Find the Right Career
What do you want to be when you grow up? It’s a question we continue to ask ourselves over the course of various existential life crises. But there is a better question to ask, whose answer will have a far bigger impact on your happiness than the characteristics of the job itself: how much autonomy will I have in my role?
Stressors we can’t control are far more damaging than stressors we can. And whether you are making decisions about the future of the company or which coffee to serve at a client meeting, studies have shown that autonomy among individuals and teams makes workers more satisfied with their jobs.
So when mulling over your career, or interviewing for a job, ask questions to help you avoid company cultures that will micromanage the joy out of life.
Open Spaces Lead to More Collaboration
We can all breath a collective sigh of relief as the collaborative open-plan office myth has been debunked. A new study has found that employees in open plan offices spend 73% less time in face-to-face interactions. Productivity is also bound to take a hit, especially for creative types, whose minds are wired to wander. Having the whole company and everyone’s business in surround sound at your desk isn’t helping ideas to be birthed and deadlines to be met.
Like most things in life, it’s about balance. Give employees open spaces to mingle, but also provide smaller ‘retreats’ in the form of break-out rooms or offices.
There is no Handbook
The communication skills gap is likely to widen, as we continue to invent more ways to interact with each other and VR becomes our new R. Exceptional employees will need to master communication across all mediums in order to get the best out of their coworkers. On a recent podcast episode, organizational psychologist Adam Grant advises us to get our closest co-workers to write a personal user manual on how to best communicate with us. So we know that our President likes to give poetic email feedback at 11pm, and our developer prefers morning scrum meetings over a cup of tea.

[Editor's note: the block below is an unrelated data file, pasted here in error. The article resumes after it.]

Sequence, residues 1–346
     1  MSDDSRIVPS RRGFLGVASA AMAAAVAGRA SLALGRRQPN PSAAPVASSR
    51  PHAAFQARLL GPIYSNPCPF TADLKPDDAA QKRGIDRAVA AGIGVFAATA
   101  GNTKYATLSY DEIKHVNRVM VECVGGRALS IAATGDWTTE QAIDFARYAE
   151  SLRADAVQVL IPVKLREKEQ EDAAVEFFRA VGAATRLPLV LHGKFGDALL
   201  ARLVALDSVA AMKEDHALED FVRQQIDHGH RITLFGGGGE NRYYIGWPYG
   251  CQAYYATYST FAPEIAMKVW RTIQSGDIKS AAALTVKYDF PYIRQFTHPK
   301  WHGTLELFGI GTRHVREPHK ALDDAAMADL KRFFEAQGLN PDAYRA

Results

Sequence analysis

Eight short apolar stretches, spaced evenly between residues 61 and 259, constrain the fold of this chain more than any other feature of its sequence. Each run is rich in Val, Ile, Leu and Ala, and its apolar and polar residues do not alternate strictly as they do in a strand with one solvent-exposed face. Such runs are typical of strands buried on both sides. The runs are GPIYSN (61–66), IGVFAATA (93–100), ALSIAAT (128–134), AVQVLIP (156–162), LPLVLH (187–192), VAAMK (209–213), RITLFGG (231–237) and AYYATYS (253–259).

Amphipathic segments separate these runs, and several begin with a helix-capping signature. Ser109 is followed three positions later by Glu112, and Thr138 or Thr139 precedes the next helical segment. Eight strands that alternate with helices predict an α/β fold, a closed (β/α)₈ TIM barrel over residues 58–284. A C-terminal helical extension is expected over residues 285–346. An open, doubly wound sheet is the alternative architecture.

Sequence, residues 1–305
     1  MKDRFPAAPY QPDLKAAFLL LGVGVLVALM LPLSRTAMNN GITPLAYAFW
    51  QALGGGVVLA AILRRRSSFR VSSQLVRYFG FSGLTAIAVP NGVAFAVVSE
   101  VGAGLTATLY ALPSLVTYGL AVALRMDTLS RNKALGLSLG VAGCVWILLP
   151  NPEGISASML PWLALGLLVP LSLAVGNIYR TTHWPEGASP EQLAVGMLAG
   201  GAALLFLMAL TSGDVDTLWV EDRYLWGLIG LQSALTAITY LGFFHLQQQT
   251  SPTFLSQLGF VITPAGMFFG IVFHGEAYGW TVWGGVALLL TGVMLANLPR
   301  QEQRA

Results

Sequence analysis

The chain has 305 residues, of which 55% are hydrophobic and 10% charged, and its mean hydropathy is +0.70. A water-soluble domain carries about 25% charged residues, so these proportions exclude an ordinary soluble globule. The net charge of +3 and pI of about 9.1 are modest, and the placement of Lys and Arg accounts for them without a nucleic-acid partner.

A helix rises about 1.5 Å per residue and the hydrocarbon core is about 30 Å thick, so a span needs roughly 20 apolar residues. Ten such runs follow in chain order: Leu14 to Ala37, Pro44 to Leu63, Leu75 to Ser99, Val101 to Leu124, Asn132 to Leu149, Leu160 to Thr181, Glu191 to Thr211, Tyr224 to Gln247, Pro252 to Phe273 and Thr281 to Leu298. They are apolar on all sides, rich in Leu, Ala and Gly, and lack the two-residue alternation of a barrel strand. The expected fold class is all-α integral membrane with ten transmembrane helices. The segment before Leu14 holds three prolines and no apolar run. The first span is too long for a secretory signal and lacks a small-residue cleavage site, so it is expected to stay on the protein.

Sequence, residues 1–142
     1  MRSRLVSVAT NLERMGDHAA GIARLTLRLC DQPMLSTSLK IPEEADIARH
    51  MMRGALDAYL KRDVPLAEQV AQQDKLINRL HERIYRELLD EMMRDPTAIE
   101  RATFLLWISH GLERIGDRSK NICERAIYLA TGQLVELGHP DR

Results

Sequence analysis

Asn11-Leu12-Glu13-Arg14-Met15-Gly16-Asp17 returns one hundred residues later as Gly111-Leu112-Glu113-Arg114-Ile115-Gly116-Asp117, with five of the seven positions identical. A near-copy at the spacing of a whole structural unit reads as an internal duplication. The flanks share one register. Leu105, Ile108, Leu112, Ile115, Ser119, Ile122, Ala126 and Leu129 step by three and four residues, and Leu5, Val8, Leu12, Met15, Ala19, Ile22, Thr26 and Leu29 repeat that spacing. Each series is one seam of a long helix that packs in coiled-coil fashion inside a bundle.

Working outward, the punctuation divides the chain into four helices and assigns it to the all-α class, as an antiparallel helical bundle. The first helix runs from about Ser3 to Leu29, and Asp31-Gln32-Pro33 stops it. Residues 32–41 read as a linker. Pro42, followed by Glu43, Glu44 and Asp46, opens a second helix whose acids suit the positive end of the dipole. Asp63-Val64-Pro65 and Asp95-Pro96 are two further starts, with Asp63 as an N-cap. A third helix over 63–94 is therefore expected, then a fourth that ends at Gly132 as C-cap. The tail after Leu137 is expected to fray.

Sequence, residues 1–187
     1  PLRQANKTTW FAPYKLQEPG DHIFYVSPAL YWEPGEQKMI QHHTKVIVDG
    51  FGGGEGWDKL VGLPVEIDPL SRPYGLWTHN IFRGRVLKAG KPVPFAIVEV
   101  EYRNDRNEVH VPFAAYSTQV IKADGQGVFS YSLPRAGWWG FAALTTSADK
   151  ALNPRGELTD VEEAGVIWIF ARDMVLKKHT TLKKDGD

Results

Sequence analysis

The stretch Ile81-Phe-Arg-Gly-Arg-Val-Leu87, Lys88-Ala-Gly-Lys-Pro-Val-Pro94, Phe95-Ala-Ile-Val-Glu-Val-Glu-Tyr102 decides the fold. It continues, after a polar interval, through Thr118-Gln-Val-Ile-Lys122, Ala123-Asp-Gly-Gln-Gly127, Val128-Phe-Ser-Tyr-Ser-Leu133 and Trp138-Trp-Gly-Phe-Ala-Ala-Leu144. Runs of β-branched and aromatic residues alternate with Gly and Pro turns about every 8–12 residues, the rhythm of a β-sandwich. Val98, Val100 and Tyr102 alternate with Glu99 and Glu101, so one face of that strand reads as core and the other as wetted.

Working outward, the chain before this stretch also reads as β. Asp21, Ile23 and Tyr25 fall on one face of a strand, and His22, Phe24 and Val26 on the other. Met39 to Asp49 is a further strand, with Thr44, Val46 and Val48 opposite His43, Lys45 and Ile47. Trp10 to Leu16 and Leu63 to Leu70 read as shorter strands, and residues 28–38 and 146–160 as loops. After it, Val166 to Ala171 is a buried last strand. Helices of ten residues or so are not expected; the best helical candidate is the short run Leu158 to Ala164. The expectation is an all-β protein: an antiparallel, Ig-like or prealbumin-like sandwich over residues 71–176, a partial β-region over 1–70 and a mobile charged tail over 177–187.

Creative People Have Fewer Bad Ideas
Thomas Edison tried and failed to create a fruit preservation technique while he invented the light bulb (it actually made the fruit rot faster). A lot of the great composers’ back catalog is not a joy for the earholes. Season 2 of Big Little Lies was a bad idea.
Bad ideas are a healthy by-product of creativity, not a sign that you are in the wrong profession. Unless you only have bad ideas (then you should rethink things).
More Hours = More Productivity
Society is guilty of associating part-time with part-timers, despite longer hours being shown to have a negative impact on productivity.
A new report argues that a shorter working week should be a central pillar of future strong economies. Employers shouldn’t dress up flexible working hours as a snazzy perk. They are fundamental to many employees simply being able to do life.
Business are beginning to get it. Larger companies are announcing plans to trial a four-day week (without a loss in pay). Start-ups are being constructed to help women achieve a better work life balance. And as I type this from the UK with my twins asleep in the next room, I can vouch for the importance of flexibility at work.
Which brings me on to my last point…
Never Work With Children or Animals
Rubbish. Dunn&Co. now has a kids room so employees can bring their sprogs to work when they don’t have childcare, or if they just want to be closer to their kin. And many of agencies in the Tampa Bay area encourage employees to bring their pups to work. It promotes employee wellbeing, and most importantly great Instagram content.